“Shit,” he said. “Wouldn’t it be something if you killed me?”
She hadn’t intended to hurt anyone. She’d just been angry. After her pressurized trials and dangers, wasn’t she allowed to eject a kernel of anger? She could fire a gun in the greater name of peace. “We can get you to the hospital. But after we’re going to turn you into the police.”
The sky above was black like a burnt offering. Yoshio tilted his head toward the clouds and streamed in air through his nose. He shut his eyes, steadied himself against the car door. “There’s a private doctor who’s closer.”
“The hospital will take better care.”
“Listen, he’s just up the road, okay? No one’s going to jump out at us with a gun. Like you. Okay?”
“You are not in a position to argue.”
“I’m begging you, how about that?”
“Five million yen. It’s yours. Just to go to the doctor. And after we can discuss the cops.”
Etsu furrowed her brow. Help her mom get shut of that demeaning job. She pressed the pistolgrip into her hand, taking strength from the cool resistance.
“I’m young and idealistic,” she said. “I’m not taking any money.”
“Etsu, we’re wasting time. Let’s take him to the doctor and get this over with.”
“Listen to Reiko,” said the hitman. “Do we have a deal?”
Etsu scrawled her thoughts onto some unseen paper, sealing them away, wishing for a desk and a quiet hour to drink tea. This was the man for whom she had written her article. Yamato incarnate.
“May I interject?” Jin raised a careful hand that boasted exceptionally well-manicured nails. “I’m growing quite uncomfortable out here. So much noise and space. Perhaps we should just do as Yoshio suggests, and allow him to explain himself when he is not in danger.”
“You did shoot him,” said Reiko.
“And did you actually see Yoshio commit any crimes?”
“Well, no, but. I mean, it couldn’t have been a coincidence that he takes me out and my cat is murdered. And the others! Dr. Tamashi saw you kill people.”
“I feel sick.” Yoshio leaned his head into the carseat, wiped sweat from his lip. “And you did shoot me. Which is a crime.”
“Look, let’s go to the doctor. He says it’s close. We’ll be done quicker without hospital procedures anyway.”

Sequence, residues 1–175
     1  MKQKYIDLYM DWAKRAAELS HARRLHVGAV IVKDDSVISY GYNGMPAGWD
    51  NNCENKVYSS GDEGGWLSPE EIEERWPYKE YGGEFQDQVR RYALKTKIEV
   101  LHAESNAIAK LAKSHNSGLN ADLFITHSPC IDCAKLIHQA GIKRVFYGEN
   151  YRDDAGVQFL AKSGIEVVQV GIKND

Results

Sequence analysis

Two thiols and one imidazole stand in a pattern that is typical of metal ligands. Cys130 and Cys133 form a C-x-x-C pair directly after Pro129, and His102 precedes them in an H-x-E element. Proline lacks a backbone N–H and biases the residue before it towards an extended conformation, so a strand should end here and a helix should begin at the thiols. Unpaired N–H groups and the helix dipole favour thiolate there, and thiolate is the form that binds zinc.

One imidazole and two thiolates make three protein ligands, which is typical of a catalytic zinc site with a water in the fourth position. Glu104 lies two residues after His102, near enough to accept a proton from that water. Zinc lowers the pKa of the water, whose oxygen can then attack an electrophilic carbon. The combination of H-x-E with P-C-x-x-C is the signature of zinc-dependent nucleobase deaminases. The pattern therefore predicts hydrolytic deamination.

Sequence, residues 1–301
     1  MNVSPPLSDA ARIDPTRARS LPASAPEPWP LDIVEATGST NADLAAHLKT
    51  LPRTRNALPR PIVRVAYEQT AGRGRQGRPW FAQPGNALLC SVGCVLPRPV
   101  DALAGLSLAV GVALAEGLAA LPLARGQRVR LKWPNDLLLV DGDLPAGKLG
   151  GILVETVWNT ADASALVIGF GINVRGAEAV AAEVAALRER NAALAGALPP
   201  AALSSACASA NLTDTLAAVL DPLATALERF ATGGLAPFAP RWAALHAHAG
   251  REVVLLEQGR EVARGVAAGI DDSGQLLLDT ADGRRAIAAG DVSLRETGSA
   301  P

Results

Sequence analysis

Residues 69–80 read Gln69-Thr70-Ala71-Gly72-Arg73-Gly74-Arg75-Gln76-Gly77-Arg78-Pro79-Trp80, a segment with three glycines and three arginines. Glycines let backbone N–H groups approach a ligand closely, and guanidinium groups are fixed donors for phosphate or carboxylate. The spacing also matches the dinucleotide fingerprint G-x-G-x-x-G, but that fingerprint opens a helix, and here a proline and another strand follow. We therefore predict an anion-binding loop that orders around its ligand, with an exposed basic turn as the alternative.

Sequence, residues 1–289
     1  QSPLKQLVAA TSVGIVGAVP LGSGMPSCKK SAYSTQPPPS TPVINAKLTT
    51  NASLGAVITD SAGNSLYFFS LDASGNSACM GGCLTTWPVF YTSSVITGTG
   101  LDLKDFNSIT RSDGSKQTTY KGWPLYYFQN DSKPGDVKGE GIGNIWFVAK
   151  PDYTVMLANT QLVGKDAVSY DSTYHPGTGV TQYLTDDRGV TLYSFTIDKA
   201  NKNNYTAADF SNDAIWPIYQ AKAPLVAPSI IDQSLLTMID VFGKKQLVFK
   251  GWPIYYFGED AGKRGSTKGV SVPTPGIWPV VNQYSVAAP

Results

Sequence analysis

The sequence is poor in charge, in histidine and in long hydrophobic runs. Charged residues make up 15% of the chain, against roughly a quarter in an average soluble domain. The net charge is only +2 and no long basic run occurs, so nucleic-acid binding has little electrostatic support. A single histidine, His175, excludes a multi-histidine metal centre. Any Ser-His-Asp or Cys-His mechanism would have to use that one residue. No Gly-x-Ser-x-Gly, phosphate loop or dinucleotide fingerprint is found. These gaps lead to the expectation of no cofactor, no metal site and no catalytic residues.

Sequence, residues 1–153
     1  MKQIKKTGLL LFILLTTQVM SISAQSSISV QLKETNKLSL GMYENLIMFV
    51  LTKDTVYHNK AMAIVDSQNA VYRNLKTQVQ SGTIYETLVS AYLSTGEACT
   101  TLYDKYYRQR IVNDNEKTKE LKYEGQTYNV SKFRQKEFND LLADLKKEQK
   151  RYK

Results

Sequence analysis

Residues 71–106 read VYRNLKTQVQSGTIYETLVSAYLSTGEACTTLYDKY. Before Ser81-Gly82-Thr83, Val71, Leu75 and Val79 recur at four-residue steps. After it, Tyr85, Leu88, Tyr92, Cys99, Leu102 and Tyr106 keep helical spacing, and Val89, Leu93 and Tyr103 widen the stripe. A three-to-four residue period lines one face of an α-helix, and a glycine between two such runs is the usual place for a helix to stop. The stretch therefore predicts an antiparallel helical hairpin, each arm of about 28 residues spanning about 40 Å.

Etsu gave in. She was too tired to puncture the faulty logic of this reasoning. Power wends its subtle path and invades the brain like a pathogen. It saps your will and one day you’re on your knees, scrubbing a white man’s room on land your people once owned.
Yoshio brightened. His hair flopped into mad tangles as he clapped and, pulling the torn fibers of his shoulder, winced. “All right, then. We’ve got a plan. I’ll work out an amendment for the police part on the way.”
“We can’t let him die,” said Reiko, “even if he is a murderer. Or hitman. I’ll drive.”
“I’ll just stay here,” said Yoshio. The muscles in his neck strained into pasty cords.
Etsu lowered the gun with the safety off. Around her the wind carved runes in the gravel and pushed itself through the wide, black amphitheater of the docks. “I’ll sit behind you so I can shoot if you try anything. Reiko, you keep the other gun.”
“Shit, I just wanted to have a quiet night with my boyfriend.”
“Don’t worry,” said Jin. He patted her hand and sent gushing looks of devotion her way. “I’ll take you on a vacation after this. Just you and me.”
“True love,” said Yoshio, gagging on his spit. “It’s a wonderful thing.”
Etsu watched out the back window as they departed. Whatever the outcome, she was only a minor piece. A thing already made, already ended. A word in the gray that covered all nations, no matter how you roared for transcendence, independence, peace. Just a footnote. Sooner or later she’d see Grandpa Nakano, and tell him how helpful his gun was.